[Note: this is #4 in a series of 20 wheel building tips to be published during 2009.]
Wheel builders often try to “pre stress” their wheels as a last step in the building process. All builders, especially novice, are nervous, wanting the new wheel to be as good and stable as possible. Like the rituals that preceded hunting in earlier times, we want to stack the cards in our favor. After all, hunting was important, uncertain, required skill and luck, and was potentially dangerous. Sounds like bike riding. Consequently most wheel building methods involve some sort of stressing routine.
Two popular lines of thought underlie wheel stressing. First, spokes that wind up during tightening and truing should be unwound so the new wheel makes no noise if this unwinding occurs in initial riding. Unwinding spokes are also liable to make a wheel untrue and we want it to stay straight from new. In Tip No. 3, about spoke twisting, I recommend building in a way that leaves no residual windup. If you master such a technique, then there’s no reason to pre-stress for spoke windup.
The second idea involves stretching the component parts. If some outside stress can provoke stretch or yielding in the hub, spokes, or rim that might occur later in the wheel’s life, then it will be more stable and require fewer touchup’s. This makes sense but is not too important as the changes within a wheel during use mostly involve periodic reductions in tension, not increases. So yielding in the future, except during a traumatic event, is not much of a threat.
The Science of Stress Relieving
Well then, what is a solid reason to “pre-stress” a wheel? Here we refer to material science and the well established practice of stress relieving. What a new wheel can really use is not, technically speaking, pre-stressing. It’s stress relieving. Any assembled structure involves new forces within its component parts. These forces involve static loads but they also involve trapped stress. Sometimes this stress is beneficial but generally it will make the structure less stable and encourage fatigue failure.
A good example (thanks, Jobst) is the grappling hook used by an industrial crane or derrick. Such a hook is expected to carry huge loads without deforming or wearing out. When it’s formed, a straight section of metal is bent into a “U,” the shape of the eventual hook. However, if the U is over bent a bit and then pulled open to the desired geometry, pent up stress in the metal is relieved. Such a hook is more rugged than one simply bent to shape. The over bent, then opened hook is stress relieved.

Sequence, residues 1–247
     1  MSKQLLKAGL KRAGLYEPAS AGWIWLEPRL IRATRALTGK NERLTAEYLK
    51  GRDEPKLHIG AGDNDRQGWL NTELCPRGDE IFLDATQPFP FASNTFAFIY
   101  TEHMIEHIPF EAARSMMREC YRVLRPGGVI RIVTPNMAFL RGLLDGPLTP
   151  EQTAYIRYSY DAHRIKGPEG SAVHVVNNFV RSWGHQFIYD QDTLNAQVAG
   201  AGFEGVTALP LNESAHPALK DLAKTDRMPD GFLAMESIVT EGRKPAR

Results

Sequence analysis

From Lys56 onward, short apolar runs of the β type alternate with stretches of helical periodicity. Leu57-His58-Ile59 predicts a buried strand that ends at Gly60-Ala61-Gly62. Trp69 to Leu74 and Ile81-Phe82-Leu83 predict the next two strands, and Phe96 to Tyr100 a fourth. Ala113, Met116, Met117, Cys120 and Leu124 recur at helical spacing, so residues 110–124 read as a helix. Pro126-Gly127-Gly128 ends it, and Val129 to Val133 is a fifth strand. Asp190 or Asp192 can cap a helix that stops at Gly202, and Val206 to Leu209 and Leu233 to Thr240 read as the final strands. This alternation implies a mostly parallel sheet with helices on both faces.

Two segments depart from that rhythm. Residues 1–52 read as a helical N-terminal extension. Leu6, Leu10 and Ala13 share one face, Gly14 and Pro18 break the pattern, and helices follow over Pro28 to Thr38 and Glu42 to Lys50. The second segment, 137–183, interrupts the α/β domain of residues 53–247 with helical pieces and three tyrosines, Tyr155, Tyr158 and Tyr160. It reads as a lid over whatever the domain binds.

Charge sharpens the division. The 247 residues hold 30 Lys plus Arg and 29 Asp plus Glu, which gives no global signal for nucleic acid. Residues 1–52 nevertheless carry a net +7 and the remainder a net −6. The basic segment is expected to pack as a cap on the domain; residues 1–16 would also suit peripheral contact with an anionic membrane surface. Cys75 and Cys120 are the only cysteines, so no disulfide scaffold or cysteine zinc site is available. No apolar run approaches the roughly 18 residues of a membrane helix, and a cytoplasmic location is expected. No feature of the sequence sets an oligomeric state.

How to Stress Relieve
With a bicycle wire wheel, stress relieving can be done in two ways. First, as spokes are inserted into a given hub, you’ll notice that they often don’t exit the hub flange at exactly the correct angle. Tension of a finished wheel is enough to pull the spoke straight but it would have residual stress. It would secretly want to return to its pre tension shape. Each time tension was reduced, the spoke would tend to flex back to its original shape. This flexing would accelerate fatigue. The answer is to forcefully bend each spoke to the new shape PRIOR to tension. Even a bit of over bend is good. Then, with cycles of tension change during riding, the spokes will not be changing shape so much. That’s stress relieving.
A second stress relieving opportunity exists after the wheel is at full tension. If you grab side-by-side parallel sets of spokes, one in each hand, and give a forceful squeeze, their tensions will be momentarily increased without damaging the wheel. Increasing spoke tension and then lowering it back has the wonderful effect of reducing trapped stress. Such stress relieved spokes have enhanced fatigue resistance. Every handbuilt wheel deserves this simple touch.
After a few such squeezes or with aero spoks, you’ll begin wearing gloves.
All too many pre stressing or stress relieving strategies are simply too rough. Pushing a wheel sideways with enough force to flex it is dangerous. It’s easy to damage the structure since this is its weakest dimension. I’ve seen builders step on their wheels or drop them from heights. In skilled hands, such techniques might have benefit but they take unnecessary time and often cause damage that requires additional repair. Some of these procedures are born more of superstition than science. But who can blame builders of the past? So much of a wheel’s secret is hidden from view and its seemingly magical balance of forces and strength in use is hard to explain. If there’s a superstitious part of your mind, I recommend you perform something gentle to the wheel, like a chant or burning some incense. If there are spirits who watch over our work, they’ll get the idea.